For an even richer sauce, add a few drops of Worcestershire sauce. Sliced onions or onion powder are also a fun addition. Dijon mustard can also give a more acidic taste.
How to Make Mushroom Sauce
- Melt the unsalted butter with mushrooms in a saucepan over medium-high heat, tossing to coat. Cook the mushrooms down until they are about half of their original size. Mushrooms are mostly water, so they will reduce greatly. Try to use mushrooms cut in similar sizes so they cook evenly. You get bonus points if they brown a bit, this just further enhances flavor.
- Next, add the red wine (deglazing the browned bits while you stir), beef broth, fresh thyme and garlic powder to the sautéed mushrooms. Simmer all of these ingredients for 15 minutes to allow the flavors to marry, then remove the thyme sprigs. If a few leaves remain, that is fine. In fact, if you love thyme, shuck a few off to remain in the sauce.
- Then in a small mixing bowl, make a cornstarch slurry. Once fully combined, whisk that mixture into the mushroom sauce to thicken.
- Heat this for an additional two minutes, then remove from the heat. Season this with salt and pepper to taste.
Ways to Use
A good mushroom sauce can complement so many meals and all types of protein, but this particular red wine sauce is perfect for red meat; ribeyes, New York Strips, beef tenderloin (filet mignon) or even a porterhouse. On a steak or even a burger, it takes your meal to the next level.
Storage and Freezing
To make this mushroom steak sauce ahead of time, simply make it all the way through, cool and store covered in refrigerator until ready to use. Up to 48 hours. This goes the same for leftover sauce.
To reheat, place back into a saucepan and thin with a little water or beef stock, stirring until hot and back to the same consistency. Make sure to correct seasoning, as sauces often become muted after chilling.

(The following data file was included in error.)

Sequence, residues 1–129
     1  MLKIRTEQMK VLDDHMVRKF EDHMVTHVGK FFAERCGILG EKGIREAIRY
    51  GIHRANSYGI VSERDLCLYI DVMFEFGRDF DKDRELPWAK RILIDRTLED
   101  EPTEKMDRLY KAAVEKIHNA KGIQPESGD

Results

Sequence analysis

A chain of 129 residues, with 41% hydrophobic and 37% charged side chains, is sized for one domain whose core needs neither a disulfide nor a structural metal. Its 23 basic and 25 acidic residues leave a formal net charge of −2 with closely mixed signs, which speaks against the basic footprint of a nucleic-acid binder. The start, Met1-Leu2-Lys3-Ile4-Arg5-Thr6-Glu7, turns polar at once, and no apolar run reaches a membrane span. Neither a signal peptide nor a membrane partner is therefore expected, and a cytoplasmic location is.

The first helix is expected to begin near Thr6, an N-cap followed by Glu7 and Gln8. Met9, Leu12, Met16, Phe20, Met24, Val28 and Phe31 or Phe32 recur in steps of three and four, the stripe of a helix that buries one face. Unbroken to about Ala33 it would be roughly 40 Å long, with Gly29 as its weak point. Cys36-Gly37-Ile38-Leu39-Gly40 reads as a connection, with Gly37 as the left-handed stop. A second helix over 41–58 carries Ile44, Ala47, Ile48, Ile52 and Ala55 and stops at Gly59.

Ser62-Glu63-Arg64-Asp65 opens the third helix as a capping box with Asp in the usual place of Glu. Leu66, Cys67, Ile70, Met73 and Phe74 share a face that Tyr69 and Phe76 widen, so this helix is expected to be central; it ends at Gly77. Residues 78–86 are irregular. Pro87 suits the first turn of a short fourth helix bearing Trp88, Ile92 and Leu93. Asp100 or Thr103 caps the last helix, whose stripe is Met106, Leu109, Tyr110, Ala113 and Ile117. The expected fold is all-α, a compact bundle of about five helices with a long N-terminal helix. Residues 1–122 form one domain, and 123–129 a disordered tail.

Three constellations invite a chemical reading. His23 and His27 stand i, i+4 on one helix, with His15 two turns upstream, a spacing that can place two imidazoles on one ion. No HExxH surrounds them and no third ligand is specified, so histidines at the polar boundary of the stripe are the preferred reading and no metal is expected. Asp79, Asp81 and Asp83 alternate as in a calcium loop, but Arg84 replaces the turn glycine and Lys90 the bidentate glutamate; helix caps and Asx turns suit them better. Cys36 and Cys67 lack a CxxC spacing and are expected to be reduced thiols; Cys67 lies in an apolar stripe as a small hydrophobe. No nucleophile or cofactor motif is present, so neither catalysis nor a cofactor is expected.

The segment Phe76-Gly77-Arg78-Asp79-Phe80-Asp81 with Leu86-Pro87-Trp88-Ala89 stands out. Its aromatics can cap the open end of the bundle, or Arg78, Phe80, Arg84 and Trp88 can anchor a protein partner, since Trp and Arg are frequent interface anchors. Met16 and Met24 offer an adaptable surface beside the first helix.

I don’t recommend freezing this particular sauce. Mushrooms don’t thaw well.
Tips and Tricks
- Salt at the End Broths and bouillons have different salt amounts, so I like to have more control over mine by adding it at the end. Sometimes I don’t need any at all, other times I need a bunch.
- Can I use salted butter? This is kind of the same answer as about the beef broth. I like to have more control over the saltiness. There are varying degrees of salt in butter, so by using unsalted, I give myself the most control.
- Creamy Mushroom Sauce If you are looking for a creamy mushroom sauce, you can add 1/3 cup heavy cream to the sauce as it cools. Adding it too hot or before it reduces enough can curdle or separate the sauce.
More Sauces for Beef
- 20 ounces sliced mushrooms about 4 cups
- 2 tablespoons unsalted butter
- 1 cup low sodium beef broth
- 1/2 cup red wine
- 3 fresh thyme sprigs
- 1/2 teaspoon garlic powder
- 1 tablespoon cornstarch
- Coarse kosher salt & freshly ground pepper to taste
- In a medium saucepan over medium-high heat, melt the butter with mushrooms, tossing to coat. Cook mushrooms down until they are half their original size.
- Reduce the temperature to medium and then add the red wine, broth, fresh thyme and garlic powder, stirring well and then simmering for 15 minutes.
- Remove the thyme sprigs.
- In a small mixing bowl, whisk the cornstarch with 2 tablespoons water, whisk into mushroom sauce.
- Heat for an additional 2 minutes, then remove. Season with salt and pepper to taste.
- If you’ve tried this recipe, come back and let us know how it was in the comments or star ratings.